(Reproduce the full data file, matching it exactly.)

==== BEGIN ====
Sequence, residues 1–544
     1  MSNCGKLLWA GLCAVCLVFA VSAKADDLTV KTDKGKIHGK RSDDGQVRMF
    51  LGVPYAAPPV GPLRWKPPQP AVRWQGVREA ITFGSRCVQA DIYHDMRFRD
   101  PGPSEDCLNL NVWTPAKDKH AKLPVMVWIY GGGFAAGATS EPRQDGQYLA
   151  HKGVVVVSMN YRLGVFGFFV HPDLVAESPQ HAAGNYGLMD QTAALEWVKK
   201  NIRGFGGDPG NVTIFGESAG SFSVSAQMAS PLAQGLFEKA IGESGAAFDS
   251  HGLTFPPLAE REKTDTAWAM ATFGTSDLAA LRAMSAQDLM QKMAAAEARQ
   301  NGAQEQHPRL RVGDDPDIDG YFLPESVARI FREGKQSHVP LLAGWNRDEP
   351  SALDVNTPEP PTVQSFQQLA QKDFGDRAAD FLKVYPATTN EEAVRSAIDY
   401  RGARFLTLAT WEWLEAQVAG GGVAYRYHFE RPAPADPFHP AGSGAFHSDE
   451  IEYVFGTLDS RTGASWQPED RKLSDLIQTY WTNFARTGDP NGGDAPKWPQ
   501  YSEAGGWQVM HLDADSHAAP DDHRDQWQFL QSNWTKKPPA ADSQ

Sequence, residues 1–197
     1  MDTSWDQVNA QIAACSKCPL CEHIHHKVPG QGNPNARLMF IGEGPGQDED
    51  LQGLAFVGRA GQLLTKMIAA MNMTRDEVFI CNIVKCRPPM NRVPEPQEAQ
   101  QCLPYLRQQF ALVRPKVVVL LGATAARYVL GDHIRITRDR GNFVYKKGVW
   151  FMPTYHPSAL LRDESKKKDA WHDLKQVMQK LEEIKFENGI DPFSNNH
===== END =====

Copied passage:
Sequence, residues 1–544
     1  MSNCGKLLWA GLCAVCLVFA VSAKADDLTV KTDKGKIHGK RSDDGQVRMF
    51  LGVPYAAPPV GPLRWKPPQP AVRWQGVREA ITFGSRCVQA DIYHDMRFRD
   101  PGPSEDCLNL NVWTPAKDKH AKLPVMVWIY GGGFAAGATS EPRQDGQYLA
   151  HKGVVVVSMN YRLGVFGFFV HPDLVAESPQ HAAGNYGLMD QTAALEWVKK
   201  NIRGFGGDPG NVTIFGESAG SFSVSAQMAS PLAQGLFEKA IGESGAAFDS
   251  HGLTFPPLAE REKTDTAWAM ATFGTSDLAA LRAMSAQDLM QKMAAAEARQ
   301  NGAQEQHPRL RVGDDPDIDG YFLPESVARI FREGKQSHVP LLAGWNRDEP
   351  SALDVNTPEP PTVQSFQQLA QKDFGDRAAD FLKVYPATTN EEAVRSAIDY
   401  RGARFLTLAT WEWLEAQVAG GGVAYRYHFE RPAPADPFHP AGSGAFHSDE
   451  IEYVFGTLDS RTGASWQPED RKLSDLIQTY WTNFARTGDP NGGDAPKWPQ
   501  YSEAGGWQVM HLDADSHAAP DDHRDQWQFL QSNWTKKPPA ADSQ

Sequence, residues 1–197
     1  MDTSWDQVNA QIAACSKCPL CEHIHHKVPG QGNPNARLMF IGEGPGQDED
    51  LQGLAFVGRA GQLLTKMIAA MNMTRDEVFI CNIVKCRPPM NRVPEPQEAQ
   101  QCLPYLRQQF ALVRPKVVVL LGATAARYVL GDHIRITRDR GNFVYKKGVW
   151  FMPTYHPSAL LRDESKKKDA WHDLKQVMQK LEEIKFENGI DPFSNNH